Amazon sent a promotional e-mail this morning informing me there is a Cambridge Companion to Leo Strauss, and I took a look and yeah, there are some big names writing the essays: Stephen Smith, Laurence Lampert (whose work on Nietzsche I really need to spend more time with), the Zuckerts (whose work generally I need to spend more time with), Susan Shell, William Galston, Stanley Rosen.
Price: $85. My initial reaction was something like this: 0_0
It was my hope when I started blogging to provide a good amount of the information you needed for the study of various major texts and thinkers for free. The amount I pay for books now is far from prohibitive, but then again, I’ve been doing this a long time – I know what I’m doing when it comes to books.
In any case, Mr. Haglund (thag) has been asking me about where to get started with Strauss, as a few of you have in the past, and I think that advice needs to be expanded upon here. There’s no way I can blog all the stuff you need to know as I’m still working through him.
1. Places I recommend starting:
“Plato,” in the History of Political Philosophy – just the first third on the Republic. Strauss covers the whole of the Republic quickly but doesn’t leave things at a mere summary. He openly asks some of the toughest questions, the most prominent one being “Why does Socrates claim he and Thrasymachus are in agreement at key points?” (paraphrase by me)
“Progress or Return,” in The Rebirth of Classical Political Rationalism, ed. Pangle: Self-explanatory, one of the easier and most rewarding works by Strauss.
“On Aristotle’s Politics,” in The City and Man: Having read some of the Politics beforehand helps, but the discussion of slavery in Aristotle is virtuoso and not worth missing. His starting point is Aristotle’s: political rule is the ability to rule and be ruled in turn. This very quickly becomes an implicit critique of the conduct of politics today.
“Thucydides’ Peloponnesian War,” in The City and Man: It is emphatically not enough to read the Melian Dialogue without realizing what happens to the Athenians later and why.
“Critical Note: Locke’s Doctrine of Natural Law:” A very good introduction to how slippery a writer Locke is. This can be found via JSTOR, if you have access to that, or in What is Political Philosophy?
Even though it isn’t by Strauss, I think Seth Benardete’s “Sophocles’ Oedipus Tyrannus” is probably the best example of a Straussian approach to reading a text, and puts the theological/political problem so many write on in a perspective that isn’t dumbed down.
Also, Pangle’s Introduction to Studies in Platonic Political Philosophy is very good, especially as it gives brief interpretations of difficult points in Plato that should get you thinking.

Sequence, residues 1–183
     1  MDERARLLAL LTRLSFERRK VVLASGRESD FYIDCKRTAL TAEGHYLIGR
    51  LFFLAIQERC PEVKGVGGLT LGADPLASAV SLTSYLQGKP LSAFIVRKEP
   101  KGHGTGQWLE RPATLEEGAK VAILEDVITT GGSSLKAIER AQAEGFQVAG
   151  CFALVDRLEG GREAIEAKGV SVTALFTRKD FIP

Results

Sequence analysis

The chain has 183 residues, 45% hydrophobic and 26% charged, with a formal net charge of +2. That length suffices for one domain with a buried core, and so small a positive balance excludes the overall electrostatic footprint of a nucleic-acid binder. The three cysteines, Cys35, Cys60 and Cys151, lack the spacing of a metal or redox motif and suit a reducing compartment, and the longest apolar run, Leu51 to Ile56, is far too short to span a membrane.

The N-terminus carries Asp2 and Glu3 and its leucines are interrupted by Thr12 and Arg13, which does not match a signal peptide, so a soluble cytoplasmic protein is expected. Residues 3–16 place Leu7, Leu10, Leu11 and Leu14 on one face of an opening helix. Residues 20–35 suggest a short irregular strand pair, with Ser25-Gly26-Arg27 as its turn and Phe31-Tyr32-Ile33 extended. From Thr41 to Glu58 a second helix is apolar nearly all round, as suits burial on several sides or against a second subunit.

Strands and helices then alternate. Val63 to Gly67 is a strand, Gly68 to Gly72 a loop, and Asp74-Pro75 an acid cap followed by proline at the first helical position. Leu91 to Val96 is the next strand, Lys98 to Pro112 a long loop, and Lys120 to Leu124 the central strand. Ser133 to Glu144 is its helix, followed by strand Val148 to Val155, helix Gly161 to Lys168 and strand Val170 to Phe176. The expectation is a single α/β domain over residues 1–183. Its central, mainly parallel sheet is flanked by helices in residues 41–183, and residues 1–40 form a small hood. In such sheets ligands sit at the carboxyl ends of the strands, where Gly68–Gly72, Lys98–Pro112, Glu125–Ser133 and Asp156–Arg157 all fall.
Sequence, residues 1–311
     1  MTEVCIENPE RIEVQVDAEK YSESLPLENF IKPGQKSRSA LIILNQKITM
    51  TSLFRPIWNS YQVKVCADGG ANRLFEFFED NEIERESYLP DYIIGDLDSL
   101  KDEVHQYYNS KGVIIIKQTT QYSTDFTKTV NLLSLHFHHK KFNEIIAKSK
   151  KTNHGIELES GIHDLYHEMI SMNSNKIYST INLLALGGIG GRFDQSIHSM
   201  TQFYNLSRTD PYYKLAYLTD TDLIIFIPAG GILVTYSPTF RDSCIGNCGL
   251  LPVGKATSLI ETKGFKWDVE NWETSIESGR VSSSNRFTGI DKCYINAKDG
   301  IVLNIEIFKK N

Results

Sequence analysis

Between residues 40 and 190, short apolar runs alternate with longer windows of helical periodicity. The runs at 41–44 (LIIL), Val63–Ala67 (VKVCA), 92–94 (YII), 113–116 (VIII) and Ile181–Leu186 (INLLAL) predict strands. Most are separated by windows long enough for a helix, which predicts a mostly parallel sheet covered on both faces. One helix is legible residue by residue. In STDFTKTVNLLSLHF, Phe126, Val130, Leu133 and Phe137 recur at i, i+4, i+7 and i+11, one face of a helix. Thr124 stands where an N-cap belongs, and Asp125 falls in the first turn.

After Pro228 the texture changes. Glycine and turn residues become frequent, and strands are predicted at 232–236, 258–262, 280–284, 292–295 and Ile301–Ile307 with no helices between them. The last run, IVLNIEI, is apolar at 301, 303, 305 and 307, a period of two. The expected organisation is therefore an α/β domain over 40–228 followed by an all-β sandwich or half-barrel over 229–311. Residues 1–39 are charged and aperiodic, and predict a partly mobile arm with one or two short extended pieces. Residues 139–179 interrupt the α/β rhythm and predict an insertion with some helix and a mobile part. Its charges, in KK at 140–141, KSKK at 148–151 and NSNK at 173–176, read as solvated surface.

2. Places you should avoid:
- Anything marked “Jerusalem and Athens” or “Reason and Revelation” or whatever. Also, avoid anyone’s work claiming that they’ve figured out what Strauss thinks is the exact relation between these two. You’ll be able to tell the overly simplistic hackjob stuff emanating from various sources on the Left and Right, but the Straussian stuff is usually overly complicated and problematic for the reason that it requires virtuoso readings of several major thinkers put together in an even more complicated way. Trust me, when it’s time, I’ll talk about this on the blog in greater detail, if my job isn’t done already.
- Natural Right and History: This is not an easy read, not at all. I only recommend this if you’ve attempted the Republic and the Politics, have studied some Platonic dialogues and Presocratic thought, have read Augustine, Machiavelli, Hobbes, Locke, Rousseau, Nietzsche and feel like you have a grip on the basic ideas and how the texts work. In other words – this is really for graduate students studying political philosophy full time who need to start putting things together. And as I’ve said before, I think there are parts of this work that are “esoteric,” and good luck figuring that out if my hunch is correct.
- And there’s a ton more I really don’t recommend for beginners – the essay on Spinoza in Persecution and the Art of Writing, the “On the Euthyphron” essay, the various works on Xenophon that make things way more complicated than they have to be. I also recommend avoiding anything blasting contemporary schools of thought, i.e. the essays and lectures on social science, relativism, historicism, positivism, etc. Again, that stuff is usually more complicated than it seems at first glance.
The main bit of advice I can give reading Strauss is this: if you go to him looking for what he thinks exactly, you’ve missed the point and will read whatever you feel into his work. The way to approach his thought is to start with a text that confused you almost completely, and then watch how he sets up in his commentaries a question or problem worth addressing. His work is well-constructed, but has a peculiar density because many times he’s trying to address the issues a text gives you in the order presented. When all is said and done – and I hope to expand on this comment later – that’s not as dense as it seems, but actually a return to the surface of the text, complete with a set of reasons for why that particular surface.